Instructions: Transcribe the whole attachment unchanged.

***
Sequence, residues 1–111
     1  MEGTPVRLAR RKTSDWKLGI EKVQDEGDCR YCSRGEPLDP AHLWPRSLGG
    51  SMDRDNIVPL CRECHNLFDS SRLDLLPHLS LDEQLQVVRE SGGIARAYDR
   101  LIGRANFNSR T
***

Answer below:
Sequence, residues 1–111
     1  MEGTPVRLAR RKTSDWKLGI EKVQDEGDCR YCSRGEPLDP AHLWPRSLGG
    51  SMDRDNIVPL CRECHNLFDS SRLDLLPHLS LDEQLQVVRE SGGIARAYDR
   101  LIGRANFNSR T